=over 4

=item C<new>

This is the constructor.  It takes a hash of optional arguments.
They are the I<filename> of the CSV file you are reading, the
I<fh> through which you read, and the one character I<sep> that
you are using.  If the filename is passed and the fh is not, then
it will open a filehandle on that file and sets the fh accordingly.
The separator defaults to a comma.

=item C<set_filename>

=item C<set_fh>

=item C<set_sep>

Set methods corresponding to the optional arguments to C<new>.

=item C<open_file>

Takes the name of a file, opens it, then sets the filename and fh.

=item C<bind_fields>

Takes an array of fieldnames, memorizes the field positions for later
use.  C<bind_headers> is preferred.

=item C<bind_headers>

Reads a row from the file as a header line and memorizes the positions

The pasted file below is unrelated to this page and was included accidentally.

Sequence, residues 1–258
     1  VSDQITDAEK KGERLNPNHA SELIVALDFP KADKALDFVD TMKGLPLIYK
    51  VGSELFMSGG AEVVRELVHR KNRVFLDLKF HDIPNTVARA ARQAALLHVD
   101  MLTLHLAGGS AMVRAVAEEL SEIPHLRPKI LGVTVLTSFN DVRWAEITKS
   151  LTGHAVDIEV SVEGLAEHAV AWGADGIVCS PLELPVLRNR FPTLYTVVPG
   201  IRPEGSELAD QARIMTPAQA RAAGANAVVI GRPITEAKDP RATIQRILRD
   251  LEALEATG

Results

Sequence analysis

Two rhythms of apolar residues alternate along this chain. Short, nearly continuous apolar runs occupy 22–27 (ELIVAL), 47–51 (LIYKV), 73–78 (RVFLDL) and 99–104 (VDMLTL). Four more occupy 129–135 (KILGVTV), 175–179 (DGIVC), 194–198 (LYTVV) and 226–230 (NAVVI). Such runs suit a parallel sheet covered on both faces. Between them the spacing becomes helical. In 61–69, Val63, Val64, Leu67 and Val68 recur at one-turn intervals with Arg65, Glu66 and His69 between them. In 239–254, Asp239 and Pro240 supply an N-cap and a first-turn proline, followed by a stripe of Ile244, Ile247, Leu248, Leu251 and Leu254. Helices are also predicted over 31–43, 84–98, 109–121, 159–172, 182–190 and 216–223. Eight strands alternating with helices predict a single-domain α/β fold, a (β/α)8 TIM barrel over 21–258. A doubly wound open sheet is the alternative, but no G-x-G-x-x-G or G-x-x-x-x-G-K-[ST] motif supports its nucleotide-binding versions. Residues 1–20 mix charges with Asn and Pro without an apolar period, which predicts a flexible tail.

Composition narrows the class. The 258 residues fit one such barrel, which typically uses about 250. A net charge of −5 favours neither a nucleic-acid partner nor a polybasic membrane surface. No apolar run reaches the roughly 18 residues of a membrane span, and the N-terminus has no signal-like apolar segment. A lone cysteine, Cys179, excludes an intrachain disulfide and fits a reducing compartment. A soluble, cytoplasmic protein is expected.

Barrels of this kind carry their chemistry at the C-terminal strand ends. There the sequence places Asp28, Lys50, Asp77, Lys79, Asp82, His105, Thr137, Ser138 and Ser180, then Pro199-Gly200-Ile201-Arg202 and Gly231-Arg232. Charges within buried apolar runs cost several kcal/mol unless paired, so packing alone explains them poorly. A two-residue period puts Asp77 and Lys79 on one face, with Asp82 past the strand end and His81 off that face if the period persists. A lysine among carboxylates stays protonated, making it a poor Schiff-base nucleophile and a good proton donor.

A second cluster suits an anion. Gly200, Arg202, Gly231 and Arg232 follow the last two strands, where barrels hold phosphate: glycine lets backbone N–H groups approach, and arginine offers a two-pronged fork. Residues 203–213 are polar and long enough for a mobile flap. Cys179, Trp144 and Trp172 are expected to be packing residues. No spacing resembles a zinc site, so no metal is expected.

of the fields for later use.  File formats that carry field informatio
tend to be far more robust than ones which do not, so this is the
preferred function.

=item C<get_row>

Reads a row from the file.  Returns an array or reference to an array
depending on context.  Will also store the row in the row property for
later access.

=item C<extract>

Extracts a list of fields out of the last row read.


=head1 BUGS

When I say single character separator, I mean it.

Performance could be better.  That is largely because the API was
chosen for simplicity of a "proof of concept", rather than for
performance.  One idea to speed it up you would be to provide an
API where you bind the requested fields once and then fetch many
times rather than binding the request for every row.

Also note that should you ever play around with the special variables
$`, $&, or $', you will find that it can get much, much slower.  The
cause of this problem is that Perl avoids calculating those on a match
unless it has seen one of those.  This does many, many matches.

=head1 AUTHOR

Ben Tilly, aka tilly on